Search results for 'Mehdi Bennouna-Greene' (try it on Scholar)

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  1.  27
    John C. Greene & Michael Ruse (1996). On the Nature of the Evolutionary Process: The Correspondence Between Theodosius Dobzhansky and John C. Greene. [REVIEW] Biology and Philosophy 11 (4):445-491.
    This is the correspondence (1959–1969), on the nature of the evolutionary process, between the biologist Theodosius Dobzhansky and the historian John C. Greene.
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  2. Maxine Greene, William Ayers & Janet L. Miller (1998). A Light in Dark Times Maxine Greene and the Unfinished Conversation. Monograph Collection (Matt - Pseudo).
     
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  3.  6
    Maxine Greene (1991). Greene (From Page One). Inquiry 8 (3):17-22.
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  4.  24
    Graham Greene (2009). Graham Greene on the Moral Significance of Violence. The Chesterton Review 35 (1-2):279-282.
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  5. John C. Greene & James R. Moore (1989). History, Humanity, and Evolution Essays for John C. Greene. Monograph Collection (Matt - Pseudo).
     
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  6.  4
    Graham Greene (2003). Graham Greene on the IRA. The Chesterton Review 29 (1/2):232-233.
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  7.  2
    Graham Greene (2007). Graham Greene on Chesterton. The Chesterton Review 33 (3/4):724-727.
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  8.  2
    Graham Greene & Christopher Hawtree (2003). Graham Greene on Interrogation Methods in Ulster. The Chesterton Review 29 (1/2):230-232.
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  9.  23
    Fabrice Berna, Mehdi Bennouna-Greene, Jevita Potheegadoo, Paulina Verry, Martin A. Conway & Jean-Marie Danion (2011). Impaired Ability to Give a Meaning to Personally Significant Events in Patients with Schizophrenia. Consciousness and Cognition 20 (3):703-711.
    Schizophrenia is a severe mental illness affecting sense of identity. Autobiographical memory deficits observed in schizophrenia could contribute to this altered sense of identity. The ability to give a meaning to personally significant events is also critical for identity construction and self-coherence. Twenty-four patients with schizophrenia and 24 control participants were asked to recall five self-defining memories. We assessed meaning making in participants’ narratives and afterwards asked them explicitly to give a meaning to their memories . We found that both (...)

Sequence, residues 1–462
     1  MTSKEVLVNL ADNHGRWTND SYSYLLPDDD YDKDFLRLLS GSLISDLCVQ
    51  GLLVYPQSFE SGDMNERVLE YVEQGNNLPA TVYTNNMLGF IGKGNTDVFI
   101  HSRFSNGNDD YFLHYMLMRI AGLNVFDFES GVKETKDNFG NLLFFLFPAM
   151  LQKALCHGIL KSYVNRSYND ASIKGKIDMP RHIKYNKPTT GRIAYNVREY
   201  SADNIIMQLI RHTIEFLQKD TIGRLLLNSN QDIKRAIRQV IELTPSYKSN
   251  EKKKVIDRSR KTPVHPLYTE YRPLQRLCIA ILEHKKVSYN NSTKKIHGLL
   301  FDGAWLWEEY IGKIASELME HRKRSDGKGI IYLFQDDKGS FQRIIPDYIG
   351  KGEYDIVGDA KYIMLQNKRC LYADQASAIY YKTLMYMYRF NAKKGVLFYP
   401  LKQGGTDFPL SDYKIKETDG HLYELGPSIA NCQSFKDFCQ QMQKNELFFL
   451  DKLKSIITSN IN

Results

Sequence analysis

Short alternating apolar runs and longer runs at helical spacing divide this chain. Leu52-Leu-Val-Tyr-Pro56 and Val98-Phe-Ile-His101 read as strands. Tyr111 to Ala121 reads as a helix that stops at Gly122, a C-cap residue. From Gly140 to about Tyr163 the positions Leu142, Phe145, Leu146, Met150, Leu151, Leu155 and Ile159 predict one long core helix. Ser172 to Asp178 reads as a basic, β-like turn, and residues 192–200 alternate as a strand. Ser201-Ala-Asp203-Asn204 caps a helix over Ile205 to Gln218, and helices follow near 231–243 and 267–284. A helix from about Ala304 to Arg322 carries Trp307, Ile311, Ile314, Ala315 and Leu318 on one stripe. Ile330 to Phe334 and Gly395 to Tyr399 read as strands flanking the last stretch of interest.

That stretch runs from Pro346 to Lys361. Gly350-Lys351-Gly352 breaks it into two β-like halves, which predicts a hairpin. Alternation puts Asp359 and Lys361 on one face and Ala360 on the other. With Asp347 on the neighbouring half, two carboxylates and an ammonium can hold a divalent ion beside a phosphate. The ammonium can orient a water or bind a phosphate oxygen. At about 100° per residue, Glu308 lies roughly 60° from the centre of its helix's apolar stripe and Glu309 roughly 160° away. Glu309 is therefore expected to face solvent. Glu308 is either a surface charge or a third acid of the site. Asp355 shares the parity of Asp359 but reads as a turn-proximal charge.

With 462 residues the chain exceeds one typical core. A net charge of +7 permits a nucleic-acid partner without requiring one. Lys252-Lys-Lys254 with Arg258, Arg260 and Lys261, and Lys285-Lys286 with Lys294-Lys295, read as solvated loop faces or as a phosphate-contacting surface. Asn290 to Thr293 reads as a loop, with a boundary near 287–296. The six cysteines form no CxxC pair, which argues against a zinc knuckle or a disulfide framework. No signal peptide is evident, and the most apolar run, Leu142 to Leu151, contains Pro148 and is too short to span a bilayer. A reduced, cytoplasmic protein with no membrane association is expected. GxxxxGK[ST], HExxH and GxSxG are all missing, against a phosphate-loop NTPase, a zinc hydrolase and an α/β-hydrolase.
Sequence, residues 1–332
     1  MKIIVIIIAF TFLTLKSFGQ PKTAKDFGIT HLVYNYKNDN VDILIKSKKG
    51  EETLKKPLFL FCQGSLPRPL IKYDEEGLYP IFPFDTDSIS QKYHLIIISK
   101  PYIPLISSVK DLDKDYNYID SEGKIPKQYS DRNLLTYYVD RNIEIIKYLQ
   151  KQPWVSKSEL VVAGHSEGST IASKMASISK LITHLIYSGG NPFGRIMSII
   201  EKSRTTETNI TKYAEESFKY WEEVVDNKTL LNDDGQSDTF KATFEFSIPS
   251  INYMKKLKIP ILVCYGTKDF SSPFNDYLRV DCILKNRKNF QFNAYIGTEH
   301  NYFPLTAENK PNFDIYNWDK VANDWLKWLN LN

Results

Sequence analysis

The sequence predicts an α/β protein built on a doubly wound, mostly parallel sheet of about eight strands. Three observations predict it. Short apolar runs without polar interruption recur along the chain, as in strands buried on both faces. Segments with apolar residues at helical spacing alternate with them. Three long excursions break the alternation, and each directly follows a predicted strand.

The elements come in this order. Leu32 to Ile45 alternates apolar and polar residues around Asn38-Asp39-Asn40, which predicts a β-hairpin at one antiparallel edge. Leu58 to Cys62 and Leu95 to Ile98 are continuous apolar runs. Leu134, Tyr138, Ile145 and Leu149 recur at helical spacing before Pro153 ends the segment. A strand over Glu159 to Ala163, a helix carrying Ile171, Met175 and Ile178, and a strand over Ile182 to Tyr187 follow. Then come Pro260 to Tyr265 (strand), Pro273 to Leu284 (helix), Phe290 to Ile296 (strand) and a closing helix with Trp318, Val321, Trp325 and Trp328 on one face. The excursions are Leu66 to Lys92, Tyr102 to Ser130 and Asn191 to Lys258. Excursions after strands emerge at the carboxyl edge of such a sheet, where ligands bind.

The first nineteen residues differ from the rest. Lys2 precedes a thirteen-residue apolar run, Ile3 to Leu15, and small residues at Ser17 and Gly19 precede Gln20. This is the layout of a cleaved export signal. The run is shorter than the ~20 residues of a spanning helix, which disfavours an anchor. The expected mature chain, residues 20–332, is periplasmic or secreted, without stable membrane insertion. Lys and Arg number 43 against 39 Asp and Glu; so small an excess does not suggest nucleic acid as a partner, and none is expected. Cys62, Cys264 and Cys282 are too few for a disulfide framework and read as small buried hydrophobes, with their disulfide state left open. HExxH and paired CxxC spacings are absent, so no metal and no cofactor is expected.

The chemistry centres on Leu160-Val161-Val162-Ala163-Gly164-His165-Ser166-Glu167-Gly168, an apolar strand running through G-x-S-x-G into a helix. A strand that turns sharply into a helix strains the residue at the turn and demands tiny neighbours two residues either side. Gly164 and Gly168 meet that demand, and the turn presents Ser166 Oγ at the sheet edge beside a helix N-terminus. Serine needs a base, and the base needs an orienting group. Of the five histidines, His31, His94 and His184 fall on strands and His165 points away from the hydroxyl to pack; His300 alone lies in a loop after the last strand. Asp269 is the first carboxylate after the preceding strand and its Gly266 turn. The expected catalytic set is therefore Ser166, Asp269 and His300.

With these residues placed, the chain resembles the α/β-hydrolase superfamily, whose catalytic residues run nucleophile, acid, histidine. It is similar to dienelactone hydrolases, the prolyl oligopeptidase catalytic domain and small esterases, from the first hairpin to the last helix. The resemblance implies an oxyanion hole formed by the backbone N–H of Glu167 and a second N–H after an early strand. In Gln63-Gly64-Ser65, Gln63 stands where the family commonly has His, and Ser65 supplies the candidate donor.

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  10. Mehdi Bennouna-Greene, Fabrice Berna, Martin A. Conway, Clare J. Rathbone, Pierre Vidailhet & Jean-Marie Danion (2012). Self-Images and Related Autobiographical Memories in Schizophrenia. Consciousness and Cognition 21 (1):247-257.
    Schizophrenia is a severe mental illness, which affects sense of identity. While the ability to have a coherent vision of the self relies partly on its reciprocal relationships with autobiographical memories, little is known about how memories ground “self-images” in schizophrenia. Twenty-five patients with schizophrenia and 25 controls were asked to give six autobiographical memories related to four self-statements they considered essential for defining their identity. Results showed that patients’ self-images were more passive than those of controls. Autobiographical memories underlying (...)
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  11. Joshua D. Greene, Finding Faults: How Moral Dilemmas Illuminate Cognitive Structure.
    In philosophy, a debate can live forever. Nowhere is this more evident than in ethics, a field that is fueled by apparently intractable dilemmas. To promote the wellbeing of many, may we sacrifice the rights of a few? If our actions are predetermined, can we be held responsible for them? Should people be judged on their intentions alone, or also by the consequences of their behavior? Is failing to prevent someone’s death as blameworthy as actively causing it? For generations, questions (...)
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  12. Joshua D. Greene, How Moral Dilemmas Illuminate Cognitive Structure.
    In philosophy, a debate can live forever. Nowhere is this more evident than in ethics, a field that is fueled by apparently intractable dilemmas. To promote the wellbeing of many, may we sacrifice the rights of a few? If our actions are predetermined, can we be held responsible for them? Should people be judged on their intentions alone, or also by the consequences of their behavior? Is failing to prevent someone’s death as blameworthy as actively causing it? For generations, questions (...)
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  13.  23
    A. J. Greene, R. D. Easton & L. S. R. LaShell (2001). Visual-Auditory Events: Cross-Modal Perceptual Priming and Recognition Memory. Consciousness and Cognition 10 (3):425-435.